In the case of Iran, Obama should indicate his intention to continue in the spirit of engagement demonstrated by his Persian New Year’s address. Cooperating on regional security issues like Afghanistan and Iraq would contribute to peace and stability in the region and help rebuild the trust that is necessary for establishing healthy diplomatic relations between the two countries. Iran plays an important and influential role in the region, and Obama would do well to convey his willingness to work with the Iranian government in an effort to ensure that the role is constructive.

Obama's Cairo speech is his opportunity to demonstrate that the United States is burying the American triumphalism of the past eight years once and for all. It is a chance to convince the world that we have renounced the false prophets who claim that we always know best or that we can impose our way of life on another society, and to show that we are ready to listen to and work with others.

Edward S. Walker, Jr. is former president of the Middle East Institute, Assistant Secretary of State for Near Eastern Affairs and US Ambassador to Israel, Egypt and the United Arab Emirates. He is currently an adjunct scholar at the Middle East Institute and teaches global politics at Hamilton College. This article was written for the Common Ground and can be accessed at GCNews.

 

Iraq dismisses US call for Iranian-backed militias to 'go home'

Opposition calls on Iraqi Kurd leader to step down

IS ‘executed’ 116 suspected of Syria regime collaboration

Israel arrests 51 Palestinians for ‘terror-related’ crimes

Greening the Camps brings food and hope to refugees

UNICEF says 1,100 children malnourished in Syria’s Ghouta

UN says Yemen children in desperate need of aid

Orthodox Jews block Jerusalem entrance in protest

Six terror suspects arrested in Morocco

EU announces 106 million euros in aid for Sudan

French judges to rule on whether 'Jihad' is acceptable name

Saudi Aramco chief confirms IPO despite doubts

Lack of accountability hinders governing in Morocco, analysts say

Sudan editor convicted after Bashirs accused of graft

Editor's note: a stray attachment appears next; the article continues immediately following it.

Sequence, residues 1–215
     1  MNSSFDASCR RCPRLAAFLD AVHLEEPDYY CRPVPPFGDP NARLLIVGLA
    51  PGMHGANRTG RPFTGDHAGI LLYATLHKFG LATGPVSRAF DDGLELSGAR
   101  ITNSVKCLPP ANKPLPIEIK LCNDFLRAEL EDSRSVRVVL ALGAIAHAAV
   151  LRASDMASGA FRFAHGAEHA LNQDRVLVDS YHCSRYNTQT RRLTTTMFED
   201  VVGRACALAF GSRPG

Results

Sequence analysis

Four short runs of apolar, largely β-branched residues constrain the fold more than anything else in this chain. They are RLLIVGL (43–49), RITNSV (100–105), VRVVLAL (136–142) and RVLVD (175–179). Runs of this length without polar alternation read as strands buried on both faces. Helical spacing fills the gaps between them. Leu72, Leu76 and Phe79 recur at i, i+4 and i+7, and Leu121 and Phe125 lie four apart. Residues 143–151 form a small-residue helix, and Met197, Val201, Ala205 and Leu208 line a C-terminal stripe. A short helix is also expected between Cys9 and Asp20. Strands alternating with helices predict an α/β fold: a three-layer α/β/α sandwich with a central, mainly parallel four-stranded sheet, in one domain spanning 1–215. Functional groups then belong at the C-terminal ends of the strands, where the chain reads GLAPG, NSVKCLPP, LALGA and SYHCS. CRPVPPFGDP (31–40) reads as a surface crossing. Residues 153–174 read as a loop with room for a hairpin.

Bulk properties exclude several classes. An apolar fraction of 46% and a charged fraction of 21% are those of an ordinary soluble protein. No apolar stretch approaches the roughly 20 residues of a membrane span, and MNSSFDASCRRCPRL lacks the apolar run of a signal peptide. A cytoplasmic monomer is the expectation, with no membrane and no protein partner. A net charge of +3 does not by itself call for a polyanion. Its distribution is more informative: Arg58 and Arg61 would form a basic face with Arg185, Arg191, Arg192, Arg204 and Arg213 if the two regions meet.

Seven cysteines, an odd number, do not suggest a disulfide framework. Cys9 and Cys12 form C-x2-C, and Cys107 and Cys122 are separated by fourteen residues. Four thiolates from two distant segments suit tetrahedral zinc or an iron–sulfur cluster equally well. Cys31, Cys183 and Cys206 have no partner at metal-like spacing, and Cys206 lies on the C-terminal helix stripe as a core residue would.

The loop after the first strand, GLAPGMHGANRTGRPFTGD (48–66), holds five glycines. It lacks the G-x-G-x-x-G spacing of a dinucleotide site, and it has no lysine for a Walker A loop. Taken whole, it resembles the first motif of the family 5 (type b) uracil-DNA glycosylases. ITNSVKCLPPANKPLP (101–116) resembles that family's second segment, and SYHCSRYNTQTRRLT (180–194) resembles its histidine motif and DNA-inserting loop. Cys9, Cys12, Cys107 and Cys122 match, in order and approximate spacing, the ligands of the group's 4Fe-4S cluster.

Russia’s Lavrov urges Iraq-Kurd dialogue

Kurds to arrest 11 Iraqis in response to similar Baghdad move

Car bomb attack kills 9 in south Yemen military base

Rouhani boasts about Iran’s greatness in region

Iraq unrest highlights long-standing political divisions

Bahrain temporarily frees female activist

Egypt court sentences 11 people to death for 'terrorism'

Israel police arrest 15 over anti Jewish-Arab dating campaign

Tillerson woos Gulf allies to curb Iran influence

Abadi, Sadr meet in Jordan

No clear US strategy in Syria after Raqqa liberation

Tillerson pushes to undercut Iran at landmark Saudi, Iraq meeting

Gulf share values plummet

US-backed forces capture key Syria oil field

More than half of Austrians vote for anti-immigration party

Washington sees potential Hezbollah threat in the US

UN ends Libya talks with no progress made

Cairo killing sparks security concerns among Copts

Iraq PM arrives in Saudi to upgrade ties

35 Egyptian police killed in Islamist ambush

Morocco recalls Algeria envoy over 'hashish money' jibe

Ceremony marks 75 years since WWII Battle of El Alamein

Somalia attack death toll rises to 358

Long road ahead for families of jailed Morocco protesters

How Raqa recapture affects complex Syrian war

Israel hits Syrian artillery after Golan fire

Germany advances Israel submarine deal after corruption holdup

Bashir Gemayel's killer convicted, 35 years later

SDF hails 'historic victory' against IS in Raqa

Hamas delegation visits Iran

Turkish court orders release of teacher on hunger strike